Put other's needs before your own
     Dad demonstrated a selfless attitude in so many ways, big and small, but I remember most his social grace, what his generation might have called manners.  This characteristic manifested itself in settings like the golf course, where I learned golf etiquette by watching how he invited others to hit first and was careful on the green not to step in someone's path to the cup.  Having dinner at a restaurant, he was concerned, not just about his meal, but about the well being of others at the table.  Perhaps the greatest test of this trait were the last five years of so of Mom's life, where he cared for her as her memory and her ability to care for herself deteriorated as a result of Alzheimer's.  I don't think a selfish person could be a caregiver in such circumstances.  Dad performed the role as if he had been preparing for it all his life, and I guess, in a way, he had.
Find something you do well, something you love to do
     I mentioned earlier that Dad worked two jobs, and I'm convinced he loved both. He never talked much about his teaching job, but I suspect he enjoyed reading literature and discussing it with his students.  He loved words and has always been able to recite long poems from memory.  From him I first learned that words are important, that books contain important ideas, and that poetry is entertaining.  I must have inherited some of his mnemonic facility as well since I can still recite long sections of Eliot's The Waste Land and the prologue to Chaucer's Canterbury Tales.  I also remember the words to numerous Simon and Garfunkel and Bob Dylan songs from the 70s.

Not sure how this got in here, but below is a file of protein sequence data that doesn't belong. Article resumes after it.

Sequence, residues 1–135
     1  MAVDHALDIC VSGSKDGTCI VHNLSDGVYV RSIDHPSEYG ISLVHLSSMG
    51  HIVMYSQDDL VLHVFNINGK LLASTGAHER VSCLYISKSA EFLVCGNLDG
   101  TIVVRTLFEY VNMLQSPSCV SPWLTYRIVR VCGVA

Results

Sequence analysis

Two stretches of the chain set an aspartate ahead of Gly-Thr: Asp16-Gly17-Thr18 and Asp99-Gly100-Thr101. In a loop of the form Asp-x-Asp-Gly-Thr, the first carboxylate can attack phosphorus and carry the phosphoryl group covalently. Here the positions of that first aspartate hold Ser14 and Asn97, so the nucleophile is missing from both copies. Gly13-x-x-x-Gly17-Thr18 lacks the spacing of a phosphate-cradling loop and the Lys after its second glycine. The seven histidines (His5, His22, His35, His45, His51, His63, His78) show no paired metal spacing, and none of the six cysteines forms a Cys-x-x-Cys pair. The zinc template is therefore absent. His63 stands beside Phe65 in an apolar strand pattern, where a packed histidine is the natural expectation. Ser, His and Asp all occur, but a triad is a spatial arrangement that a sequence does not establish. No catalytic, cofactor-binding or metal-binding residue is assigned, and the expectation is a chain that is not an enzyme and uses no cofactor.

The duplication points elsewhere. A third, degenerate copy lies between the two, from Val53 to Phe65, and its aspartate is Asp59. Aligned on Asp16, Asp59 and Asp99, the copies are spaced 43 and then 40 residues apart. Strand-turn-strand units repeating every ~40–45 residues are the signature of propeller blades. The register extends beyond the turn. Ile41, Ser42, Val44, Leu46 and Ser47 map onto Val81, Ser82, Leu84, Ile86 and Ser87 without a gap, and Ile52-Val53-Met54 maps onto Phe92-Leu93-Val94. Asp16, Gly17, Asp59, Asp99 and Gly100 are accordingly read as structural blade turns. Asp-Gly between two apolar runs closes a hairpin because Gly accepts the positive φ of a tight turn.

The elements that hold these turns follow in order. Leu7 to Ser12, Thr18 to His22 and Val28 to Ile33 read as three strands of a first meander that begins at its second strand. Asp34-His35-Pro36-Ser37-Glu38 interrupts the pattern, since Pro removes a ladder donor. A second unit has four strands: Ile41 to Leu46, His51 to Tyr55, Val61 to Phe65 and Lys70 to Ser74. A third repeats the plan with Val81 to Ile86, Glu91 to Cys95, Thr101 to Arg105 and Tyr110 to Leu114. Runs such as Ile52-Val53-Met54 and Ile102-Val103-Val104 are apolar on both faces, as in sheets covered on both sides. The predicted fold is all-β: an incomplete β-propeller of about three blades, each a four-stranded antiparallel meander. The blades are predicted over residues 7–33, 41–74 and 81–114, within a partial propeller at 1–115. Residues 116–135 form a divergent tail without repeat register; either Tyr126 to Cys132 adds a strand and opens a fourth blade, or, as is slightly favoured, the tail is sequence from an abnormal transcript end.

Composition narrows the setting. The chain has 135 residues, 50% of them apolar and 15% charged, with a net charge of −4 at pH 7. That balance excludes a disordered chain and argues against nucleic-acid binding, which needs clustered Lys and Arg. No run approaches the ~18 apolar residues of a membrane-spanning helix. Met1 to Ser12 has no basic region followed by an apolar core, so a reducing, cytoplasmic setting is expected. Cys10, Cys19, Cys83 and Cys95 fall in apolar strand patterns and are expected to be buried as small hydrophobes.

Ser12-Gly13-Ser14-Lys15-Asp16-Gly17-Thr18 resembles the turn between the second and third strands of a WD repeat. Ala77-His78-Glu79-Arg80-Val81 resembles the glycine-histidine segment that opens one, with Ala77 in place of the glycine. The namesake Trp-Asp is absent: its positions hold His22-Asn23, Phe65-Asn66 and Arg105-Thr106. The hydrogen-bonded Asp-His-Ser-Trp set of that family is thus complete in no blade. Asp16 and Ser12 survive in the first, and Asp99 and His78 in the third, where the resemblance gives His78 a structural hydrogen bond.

I know he loved preaching.  I'm sure he didn't have as much time for sermon preparation as he would have liked, but the time he did have, he used well.  One example is telling.  Years before PowerPoint, Dad decided that illustrated sermons might increase audience interest, so he got the idea of using a flannel board to illustrate his Sunday evening sermons.  So after writing a sermon, he would spend hours drawing words and images on flannel-backed paper and cutting them out.  One of the church members helped him build a supersized flannel board that could be hung off the edge of the baptistery at the front of the auditorium. I'm sure these illustrated sermons were viewed as high tech in the 60s and 70s.
     I made my career choice in college based on what I loved, not on what I thought would bring in the most money, and I still suggest to the college students I advise today to do the same.